Our world is killing us. Our mental, physical, and spiritual lives suffer as we try to keep up with the pace of the world, to keep from drowning in the waters of perceived progress gone awry, to keep from being broken apart as we ourselves seek to progress. And there are more and more answers, more and more false lights to guide us on and on and on, as if the whole world was some monstrous, endless swamp and we require a guiding light to wade through the excesses of insecurity, war, turmoil, sadness, pain, and suffering.
And yet, there amidst the bright darkness of the present world, there is a glimmer of another light growing stronger, represented by the glow of our menorahs.
We have such an amazing opportunity! We have the ability to illuminate the world. By remembering the miracles that were wrought for us, by shining out into the darkness with connection to each other and Hashem, we connect the world with the source of its creation and allow a little more of the essence of life to shine.
We are not a people accustomed to proselytizing our faith. However, we have always known that we have a responsibility to share some of our beliefs. We believe that the core of the world is essentially good and only needs to be elevated and uplifted to be redeemed. We believe that the whole world can be changed for the better.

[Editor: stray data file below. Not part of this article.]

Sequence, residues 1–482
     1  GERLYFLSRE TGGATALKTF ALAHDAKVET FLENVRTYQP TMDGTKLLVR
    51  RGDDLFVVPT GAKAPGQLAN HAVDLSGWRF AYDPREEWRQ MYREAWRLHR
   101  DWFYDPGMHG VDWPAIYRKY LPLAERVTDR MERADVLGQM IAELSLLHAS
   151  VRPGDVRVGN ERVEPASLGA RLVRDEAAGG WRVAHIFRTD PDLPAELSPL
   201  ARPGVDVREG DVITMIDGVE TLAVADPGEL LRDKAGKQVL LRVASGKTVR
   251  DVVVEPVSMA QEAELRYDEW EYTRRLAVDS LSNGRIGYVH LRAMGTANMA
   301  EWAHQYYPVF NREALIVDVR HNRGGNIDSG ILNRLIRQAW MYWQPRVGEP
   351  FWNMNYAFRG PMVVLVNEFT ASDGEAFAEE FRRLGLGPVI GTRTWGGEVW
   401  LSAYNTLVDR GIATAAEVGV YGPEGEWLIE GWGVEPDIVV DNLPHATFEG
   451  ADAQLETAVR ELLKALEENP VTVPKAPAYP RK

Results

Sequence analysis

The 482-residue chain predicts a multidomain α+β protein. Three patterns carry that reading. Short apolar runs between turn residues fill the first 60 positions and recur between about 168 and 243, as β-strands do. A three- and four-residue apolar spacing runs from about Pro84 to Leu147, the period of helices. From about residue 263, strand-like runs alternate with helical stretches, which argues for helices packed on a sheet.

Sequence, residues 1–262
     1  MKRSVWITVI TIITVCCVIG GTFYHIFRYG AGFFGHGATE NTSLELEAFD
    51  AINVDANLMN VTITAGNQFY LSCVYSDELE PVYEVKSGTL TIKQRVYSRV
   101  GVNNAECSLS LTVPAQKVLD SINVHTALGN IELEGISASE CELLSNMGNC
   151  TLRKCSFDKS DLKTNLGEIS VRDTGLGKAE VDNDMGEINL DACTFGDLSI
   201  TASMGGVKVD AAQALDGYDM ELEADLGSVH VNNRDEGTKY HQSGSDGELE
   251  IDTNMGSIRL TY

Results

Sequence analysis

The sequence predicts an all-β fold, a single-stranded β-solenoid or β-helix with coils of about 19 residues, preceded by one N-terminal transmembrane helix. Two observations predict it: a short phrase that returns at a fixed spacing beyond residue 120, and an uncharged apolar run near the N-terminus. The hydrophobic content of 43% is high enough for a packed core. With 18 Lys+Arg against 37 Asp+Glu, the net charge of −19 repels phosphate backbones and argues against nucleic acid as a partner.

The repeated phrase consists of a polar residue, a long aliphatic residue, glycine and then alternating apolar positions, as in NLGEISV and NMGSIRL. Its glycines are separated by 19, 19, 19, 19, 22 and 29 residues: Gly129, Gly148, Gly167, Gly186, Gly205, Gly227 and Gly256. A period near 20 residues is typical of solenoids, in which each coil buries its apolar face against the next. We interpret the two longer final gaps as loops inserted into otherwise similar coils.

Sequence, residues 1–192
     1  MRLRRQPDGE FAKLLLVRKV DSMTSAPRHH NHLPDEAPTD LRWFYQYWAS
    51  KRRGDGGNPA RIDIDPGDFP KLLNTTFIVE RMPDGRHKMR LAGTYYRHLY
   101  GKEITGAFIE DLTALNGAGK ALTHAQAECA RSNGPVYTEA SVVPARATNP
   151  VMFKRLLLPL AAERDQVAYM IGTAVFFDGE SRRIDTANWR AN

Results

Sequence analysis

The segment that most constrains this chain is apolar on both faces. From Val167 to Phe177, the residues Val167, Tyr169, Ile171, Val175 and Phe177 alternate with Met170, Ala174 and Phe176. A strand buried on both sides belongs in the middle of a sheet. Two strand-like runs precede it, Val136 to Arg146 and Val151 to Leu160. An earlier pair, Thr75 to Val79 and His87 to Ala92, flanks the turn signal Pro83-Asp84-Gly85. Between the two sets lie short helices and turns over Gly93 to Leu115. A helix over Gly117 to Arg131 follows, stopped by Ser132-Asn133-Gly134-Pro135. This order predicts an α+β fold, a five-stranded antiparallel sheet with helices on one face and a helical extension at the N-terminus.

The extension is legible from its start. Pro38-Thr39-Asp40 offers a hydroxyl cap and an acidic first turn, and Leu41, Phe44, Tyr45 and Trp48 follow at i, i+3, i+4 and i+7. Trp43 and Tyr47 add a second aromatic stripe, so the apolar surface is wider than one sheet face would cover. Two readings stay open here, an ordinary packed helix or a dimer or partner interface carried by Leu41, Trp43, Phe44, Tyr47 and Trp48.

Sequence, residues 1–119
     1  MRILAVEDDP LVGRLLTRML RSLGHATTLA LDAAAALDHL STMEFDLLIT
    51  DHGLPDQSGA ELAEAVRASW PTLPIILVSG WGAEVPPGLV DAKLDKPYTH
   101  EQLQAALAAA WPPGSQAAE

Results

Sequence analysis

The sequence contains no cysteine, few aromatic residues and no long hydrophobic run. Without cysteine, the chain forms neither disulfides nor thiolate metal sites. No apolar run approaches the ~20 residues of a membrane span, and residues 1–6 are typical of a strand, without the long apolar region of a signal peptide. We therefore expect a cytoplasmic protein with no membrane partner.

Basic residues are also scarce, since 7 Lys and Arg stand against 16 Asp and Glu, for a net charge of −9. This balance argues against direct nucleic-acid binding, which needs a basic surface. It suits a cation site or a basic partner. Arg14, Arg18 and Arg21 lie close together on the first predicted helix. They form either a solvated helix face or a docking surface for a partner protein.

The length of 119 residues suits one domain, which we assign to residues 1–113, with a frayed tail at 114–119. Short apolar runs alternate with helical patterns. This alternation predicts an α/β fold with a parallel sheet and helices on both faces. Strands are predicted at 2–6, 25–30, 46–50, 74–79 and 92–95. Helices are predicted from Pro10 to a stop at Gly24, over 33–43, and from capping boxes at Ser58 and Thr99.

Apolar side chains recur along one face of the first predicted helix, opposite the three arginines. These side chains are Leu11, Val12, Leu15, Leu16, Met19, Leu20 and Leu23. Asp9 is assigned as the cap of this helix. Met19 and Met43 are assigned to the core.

We do not have to keep pushing forward, destroying ourselves and the world in the process. We do not have to be sucked into despair. We do not have to stand idly by as confused individuals coerce mobs into violent forces that push us to the brink. Chanukah teaches us to fight.
It teaches us to fight an inner fight to redeem ourselves. And, sometimes, we fail in this, immediately feeling forsaken. But it is only that feeling of despair that keeps us from our redemption. How many promises were made on Yom Kippur that lay trashed? On Yom Kippur we stop acting like human beings to achieve an almost divine state, in which we can receive redemption. For the rest of the year, the light that we received on Yom Kippur shines down on us, but we dirty ourselves and our world over time and slowly that light shines down on darkness.
Chanukah is different because, on Chanukah, the light is shining from below, not above. On Chanukah we take the light and bring it into the week, into the mundane, into the profane, and into the observable reality of the world. We do not have to raise ourselves up; we get the light down here in the muck with us.
We can tap into the greatest power of renewal and redemption.
The “secular prophet,” Ahad Ha’am, also believes that the Jewish people exist in this world for the purpose of redeeming it. It is our sacred duty. We redeem the world by separating the sacred from the profane and increasing that which is sacred. He explained in an essay in 1892 that:
“In profane matters the instrument derives its worth from the end, and is valued for the most part only in so far as it is a means to that end; and consequently we change the instrument as the end demands, and finally, when the end is no longer pursued, the instrument automatically falls into disuse. But in sacred matters the end invests the instrument with sanctity of its own. Consequently, there is no changing or varying of the instrument; and when the end has ceased to be pursued, the instrument does not fall out of use, but is directed towards another end.”
We, the Jewish people, are sanctified, a sacred instrument for the redemption of the world. We can burn away the false light and illuminate the darkness, in our own lives and in the entire world.
We can do it. After all, that’s why we are here.
Joshua Reynolds graduated from Yeshiva University with a B.A. in Political Science.